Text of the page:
The other day my 4-year-old daughter had to undergo anesthesia to extract two molars that were causing her issues.
This certainly served as an opportunity for reflection and learning for me.
I am not the nurturer in our household. I tend to have a colder approach on things than my very caring and loving wife.
I suppose some of the difference probably boils down to our parental roles. Moms are typically known to be the softer, more loving parent and dads are usually known to be more stern.
In the days leading up to Charlie’s surgery, I hadn’t given much thought to how I would feel. I might have been still reeling from the price shock, or still trying to grapple with how a child’s teeth could have degraded to the condition hers had before her fifth birthday.
While it might be a cliche to talk about how much things have changed over the years, it certainly is the case here. When our oldest son Connor was a toddler, I was told that he didn’t need to regularly visit the dentist until he was four. So when Charlie visited the dentist for the first time, I learned that those recommendations have changed a lot, something I wish I had known earlier.
According to the American Academy of Pediatric Dentistry, children “should see a dentist within the eruption of their first tooth or by the age of one.”
In fact, when looking at the recommendations by the AAPD, it became evident that I was poorly educated on many topics surrounding a child’s dental health. My lack of education on the matter contributed to a situation where my daughter not only suffered pain, but led to this extraction.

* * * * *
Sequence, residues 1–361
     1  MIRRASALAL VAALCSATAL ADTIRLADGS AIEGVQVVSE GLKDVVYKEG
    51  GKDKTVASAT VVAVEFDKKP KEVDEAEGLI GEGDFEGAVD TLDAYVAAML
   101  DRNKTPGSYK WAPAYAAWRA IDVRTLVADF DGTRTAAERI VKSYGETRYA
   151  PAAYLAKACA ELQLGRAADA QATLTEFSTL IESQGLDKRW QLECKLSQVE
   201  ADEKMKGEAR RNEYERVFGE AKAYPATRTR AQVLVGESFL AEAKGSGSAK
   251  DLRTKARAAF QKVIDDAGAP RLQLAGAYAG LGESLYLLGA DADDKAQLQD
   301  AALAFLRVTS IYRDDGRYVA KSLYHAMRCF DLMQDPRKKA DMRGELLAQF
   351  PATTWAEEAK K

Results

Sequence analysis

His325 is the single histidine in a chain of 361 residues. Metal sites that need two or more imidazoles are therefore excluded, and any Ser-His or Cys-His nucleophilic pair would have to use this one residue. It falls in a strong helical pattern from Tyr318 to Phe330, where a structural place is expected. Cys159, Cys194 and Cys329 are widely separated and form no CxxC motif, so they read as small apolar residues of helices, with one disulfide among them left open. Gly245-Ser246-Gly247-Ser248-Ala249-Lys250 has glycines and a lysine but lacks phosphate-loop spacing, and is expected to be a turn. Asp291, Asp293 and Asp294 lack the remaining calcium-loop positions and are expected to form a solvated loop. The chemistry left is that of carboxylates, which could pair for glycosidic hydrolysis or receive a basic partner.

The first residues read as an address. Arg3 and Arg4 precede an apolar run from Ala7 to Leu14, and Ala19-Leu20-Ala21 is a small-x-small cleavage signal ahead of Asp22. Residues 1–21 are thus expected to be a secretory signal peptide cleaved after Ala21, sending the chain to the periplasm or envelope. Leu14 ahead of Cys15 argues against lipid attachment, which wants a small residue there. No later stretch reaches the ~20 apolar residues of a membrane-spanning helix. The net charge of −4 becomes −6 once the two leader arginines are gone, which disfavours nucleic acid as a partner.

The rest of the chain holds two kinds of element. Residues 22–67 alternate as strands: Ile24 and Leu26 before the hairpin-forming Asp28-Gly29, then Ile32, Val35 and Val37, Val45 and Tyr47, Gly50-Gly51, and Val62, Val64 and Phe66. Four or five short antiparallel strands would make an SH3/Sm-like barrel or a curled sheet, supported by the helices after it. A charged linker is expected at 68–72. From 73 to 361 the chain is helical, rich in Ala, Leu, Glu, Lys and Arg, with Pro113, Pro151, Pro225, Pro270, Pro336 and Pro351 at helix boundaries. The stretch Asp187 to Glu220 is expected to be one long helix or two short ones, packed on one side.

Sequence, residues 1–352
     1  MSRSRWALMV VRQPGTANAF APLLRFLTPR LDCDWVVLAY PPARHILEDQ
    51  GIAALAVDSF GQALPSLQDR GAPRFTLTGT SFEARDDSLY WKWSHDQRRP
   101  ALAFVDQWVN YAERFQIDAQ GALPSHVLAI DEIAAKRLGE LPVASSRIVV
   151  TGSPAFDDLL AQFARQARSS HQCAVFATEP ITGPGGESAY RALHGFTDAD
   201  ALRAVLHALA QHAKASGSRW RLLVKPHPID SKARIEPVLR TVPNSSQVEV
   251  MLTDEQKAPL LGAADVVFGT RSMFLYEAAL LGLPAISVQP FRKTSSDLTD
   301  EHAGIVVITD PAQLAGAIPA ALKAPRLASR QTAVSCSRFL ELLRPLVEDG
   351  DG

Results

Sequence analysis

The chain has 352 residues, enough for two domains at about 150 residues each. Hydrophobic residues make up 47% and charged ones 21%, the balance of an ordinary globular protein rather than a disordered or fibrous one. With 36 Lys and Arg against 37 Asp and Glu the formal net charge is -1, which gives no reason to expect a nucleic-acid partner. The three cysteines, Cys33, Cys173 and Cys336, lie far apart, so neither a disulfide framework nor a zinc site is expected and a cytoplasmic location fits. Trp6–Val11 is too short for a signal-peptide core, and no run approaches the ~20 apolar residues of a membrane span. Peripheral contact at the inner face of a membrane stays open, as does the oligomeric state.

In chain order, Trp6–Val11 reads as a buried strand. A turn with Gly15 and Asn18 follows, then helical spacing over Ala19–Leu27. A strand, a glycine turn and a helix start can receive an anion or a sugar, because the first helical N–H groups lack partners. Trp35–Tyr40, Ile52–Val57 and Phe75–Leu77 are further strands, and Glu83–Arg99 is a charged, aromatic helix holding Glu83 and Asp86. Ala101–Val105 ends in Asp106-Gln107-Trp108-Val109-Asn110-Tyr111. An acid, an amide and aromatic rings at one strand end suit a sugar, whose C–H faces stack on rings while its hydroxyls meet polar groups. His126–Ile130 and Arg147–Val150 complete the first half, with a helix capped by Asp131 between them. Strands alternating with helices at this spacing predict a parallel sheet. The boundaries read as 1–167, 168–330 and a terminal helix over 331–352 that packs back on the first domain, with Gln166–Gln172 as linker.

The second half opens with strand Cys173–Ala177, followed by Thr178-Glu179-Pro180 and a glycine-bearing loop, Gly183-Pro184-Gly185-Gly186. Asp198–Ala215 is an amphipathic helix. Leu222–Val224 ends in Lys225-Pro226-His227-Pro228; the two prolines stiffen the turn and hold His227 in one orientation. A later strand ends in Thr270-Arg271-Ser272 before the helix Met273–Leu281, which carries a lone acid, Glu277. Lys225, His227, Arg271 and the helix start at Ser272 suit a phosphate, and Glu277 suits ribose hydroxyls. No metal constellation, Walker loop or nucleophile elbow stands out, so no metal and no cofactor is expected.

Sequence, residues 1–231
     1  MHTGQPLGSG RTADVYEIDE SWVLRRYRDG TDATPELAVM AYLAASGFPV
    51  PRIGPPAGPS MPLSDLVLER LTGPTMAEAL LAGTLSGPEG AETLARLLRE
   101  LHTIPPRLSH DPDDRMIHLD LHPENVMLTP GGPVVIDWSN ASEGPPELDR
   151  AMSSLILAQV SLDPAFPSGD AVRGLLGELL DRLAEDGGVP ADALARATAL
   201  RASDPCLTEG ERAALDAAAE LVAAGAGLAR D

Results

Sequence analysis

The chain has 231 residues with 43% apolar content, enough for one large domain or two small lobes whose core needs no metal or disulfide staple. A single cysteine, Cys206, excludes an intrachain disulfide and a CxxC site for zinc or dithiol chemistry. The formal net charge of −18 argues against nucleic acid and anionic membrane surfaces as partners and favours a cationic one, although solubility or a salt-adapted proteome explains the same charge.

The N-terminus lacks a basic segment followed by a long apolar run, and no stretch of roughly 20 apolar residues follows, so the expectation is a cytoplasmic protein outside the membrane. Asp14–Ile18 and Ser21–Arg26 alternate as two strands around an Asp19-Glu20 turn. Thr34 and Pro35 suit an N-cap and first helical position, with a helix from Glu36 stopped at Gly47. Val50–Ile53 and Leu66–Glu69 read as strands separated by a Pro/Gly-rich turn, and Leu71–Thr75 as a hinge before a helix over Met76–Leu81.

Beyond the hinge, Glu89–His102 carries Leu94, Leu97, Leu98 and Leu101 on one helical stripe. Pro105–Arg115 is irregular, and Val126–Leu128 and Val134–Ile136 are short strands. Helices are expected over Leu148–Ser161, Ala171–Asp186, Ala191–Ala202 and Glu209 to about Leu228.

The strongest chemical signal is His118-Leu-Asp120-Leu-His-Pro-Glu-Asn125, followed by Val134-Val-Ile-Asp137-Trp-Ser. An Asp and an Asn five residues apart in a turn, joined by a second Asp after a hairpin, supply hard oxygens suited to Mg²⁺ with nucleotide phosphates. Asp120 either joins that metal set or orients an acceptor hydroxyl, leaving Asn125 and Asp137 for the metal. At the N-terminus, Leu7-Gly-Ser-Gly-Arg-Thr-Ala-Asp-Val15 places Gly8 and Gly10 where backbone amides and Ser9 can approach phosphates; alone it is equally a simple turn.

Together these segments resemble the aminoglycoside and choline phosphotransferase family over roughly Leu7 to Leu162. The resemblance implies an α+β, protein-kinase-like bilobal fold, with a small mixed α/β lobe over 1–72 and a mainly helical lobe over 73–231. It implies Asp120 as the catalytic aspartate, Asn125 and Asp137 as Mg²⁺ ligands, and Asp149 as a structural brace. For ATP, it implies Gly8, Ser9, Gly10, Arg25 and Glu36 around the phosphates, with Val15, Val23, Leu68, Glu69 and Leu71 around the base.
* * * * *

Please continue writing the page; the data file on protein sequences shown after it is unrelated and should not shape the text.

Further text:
After the surgery to remove her bad teeth, I drove my wife and daughter back home. On my drive I had plenty of time to reflect, as well as observe the delirium the anesthesia left my daughter in.
On the drive Charlie was very confused and very scared. For most of the drive home she was crying and whining. She obviously was left with a very numb mouth, so her complaints came out mostly as incomprehensible mutters. However, after a few minutes it was clear the anesthesia made her forget that she had already been to the “dentist” and that the procedure was over. She was unable to comprehend that the procedure was over and that we were headed home.
The week before when Shannon had asked me to take the day off to help her with Charlie I didn’t understand why. I didn’t really know what either of us would be in for.
However, during the drive as Shannon sat in the back seat with Charlie helping ease her fears and concerns, I was extremely grateful that she had made the request.
It took several hours for the side effects of the anesthesia to wear off, and I am not sure if it is because she is my youngest child or because I am growing soft, but I was pretty shaken up with the whole ordeal.
I am happy to report that by the next day Charlie was back to her usual self — making my decision to work remote nearly impossible.
— Scott Nunn is the assistant editor of the Huron Daily Tribune. He is the father of four kids, three cats and two dogs who probably wouldn’t be around if not for his wife and her sound reasoning.